The practice plan subsidiary was a money-loser for AHERF in
both Pittsburgh and Philadelphia, where AUMP owned even
more practices. But AHERF's financial failure in this arena
was not unique.

Doctors leaving AHERF's network, however, have said
Allegheny's subsidiary also suffered from management
problems - from bills not being collected to  
poor purchasing decisions - that made a bad situation

Right now, the motions to reject the physician contracts
are scheduled to be heard by Judge M. Bruce McCullough on
Nov. 4 and 5. The terminations would be effective 10 days
after the court enters an order rejecting the contracts.
(Pittsburgh Post Gazette-10/29/98)

Adaptive Solutions Inc. (ADSO) announced that it will cease
operating at the close of business Oct. 29, 1998.

To facilitate an orderly liquidation of the company's
assets, Adaptive Solutions has filed a Chapter 7 bankruptcy
petition with the United States Bankruptcy Court for the
District of Oregon. Management cited the loss or delay of
several significant purchase orders in September as a key
reason for the decline in the company's financial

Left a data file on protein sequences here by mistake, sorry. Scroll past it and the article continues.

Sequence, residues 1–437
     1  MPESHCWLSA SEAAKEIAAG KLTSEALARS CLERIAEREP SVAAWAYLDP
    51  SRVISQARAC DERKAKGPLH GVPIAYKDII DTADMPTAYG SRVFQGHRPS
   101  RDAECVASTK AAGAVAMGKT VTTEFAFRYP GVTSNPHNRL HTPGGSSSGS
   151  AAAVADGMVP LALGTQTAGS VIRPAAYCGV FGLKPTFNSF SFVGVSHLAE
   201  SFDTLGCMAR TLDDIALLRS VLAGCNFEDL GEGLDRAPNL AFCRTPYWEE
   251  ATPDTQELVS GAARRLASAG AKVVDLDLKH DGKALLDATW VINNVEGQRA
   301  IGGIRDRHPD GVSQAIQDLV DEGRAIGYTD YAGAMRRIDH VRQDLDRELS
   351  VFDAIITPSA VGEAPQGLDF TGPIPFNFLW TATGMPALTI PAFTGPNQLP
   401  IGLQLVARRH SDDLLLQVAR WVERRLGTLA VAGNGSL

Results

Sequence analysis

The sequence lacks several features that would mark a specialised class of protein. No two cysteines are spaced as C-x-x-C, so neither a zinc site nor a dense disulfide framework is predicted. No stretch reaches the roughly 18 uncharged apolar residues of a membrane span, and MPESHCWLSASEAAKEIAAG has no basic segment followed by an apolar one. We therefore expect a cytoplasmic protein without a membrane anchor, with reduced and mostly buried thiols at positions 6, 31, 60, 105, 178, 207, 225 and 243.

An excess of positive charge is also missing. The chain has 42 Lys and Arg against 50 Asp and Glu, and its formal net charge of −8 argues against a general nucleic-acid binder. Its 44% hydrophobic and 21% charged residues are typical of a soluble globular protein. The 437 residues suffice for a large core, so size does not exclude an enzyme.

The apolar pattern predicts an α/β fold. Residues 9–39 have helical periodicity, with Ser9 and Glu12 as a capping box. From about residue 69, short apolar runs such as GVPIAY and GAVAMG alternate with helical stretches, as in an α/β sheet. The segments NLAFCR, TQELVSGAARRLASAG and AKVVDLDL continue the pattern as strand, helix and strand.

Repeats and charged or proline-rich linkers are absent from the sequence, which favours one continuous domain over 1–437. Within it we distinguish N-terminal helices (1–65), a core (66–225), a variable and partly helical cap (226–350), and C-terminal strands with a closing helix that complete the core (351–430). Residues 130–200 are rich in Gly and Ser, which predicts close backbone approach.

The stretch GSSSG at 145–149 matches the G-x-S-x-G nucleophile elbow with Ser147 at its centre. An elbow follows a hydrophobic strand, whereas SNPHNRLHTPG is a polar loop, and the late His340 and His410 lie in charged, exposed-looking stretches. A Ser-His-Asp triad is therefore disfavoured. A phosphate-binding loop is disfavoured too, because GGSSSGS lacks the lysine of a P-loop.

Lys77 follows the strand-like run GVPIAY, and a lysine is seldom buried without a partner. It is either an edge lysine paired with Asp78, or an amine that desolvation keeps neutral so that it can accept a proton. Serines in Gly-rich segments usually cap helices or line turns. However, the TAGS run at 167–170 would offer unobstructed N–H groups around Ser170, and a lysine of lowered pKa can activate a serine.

Since Adaptive acquired the Kodak Imagelink OCR business in
October 1997, it has been working aggressively on
delivering its new EntryLink computer-assisted
data entry products to market and had expected to receive
several orders from customers evaluating or finalizing
purchase requirements.

The company recently established a line of credit with
Silicon Valley Bank permitting borrowing based on customer
accounts receivable.  As a result of the delay or loss of
certain customer orders, the company is in breach of
covenants  with respect to this credit line.  The company
lacks sufficient capital to fully repay loaned amounts and
to remain operating.  Adaptive Solutions has explored
alternate merger or acquisition partners as a source of
capital and  retained an investment banking firm in June